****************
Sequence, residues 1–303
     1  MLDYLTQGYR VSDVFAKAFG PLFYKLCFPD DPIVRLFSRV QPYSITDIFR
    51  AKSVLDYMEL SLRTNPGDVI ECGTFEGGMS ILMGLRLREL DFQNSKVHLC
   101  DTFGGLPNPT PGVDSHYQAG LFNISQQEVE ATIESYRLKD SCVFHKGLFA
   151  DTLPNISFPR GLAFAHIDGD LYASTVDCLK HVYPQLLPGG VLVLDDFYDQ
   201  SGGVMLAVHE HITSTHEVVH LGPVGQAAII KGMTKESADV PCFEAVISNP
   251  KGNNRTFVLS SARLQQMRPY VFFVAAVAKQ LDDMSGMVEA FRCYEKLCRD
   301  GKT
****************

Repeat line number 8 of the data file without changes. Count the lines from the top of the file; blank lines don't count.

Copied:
   301  GKT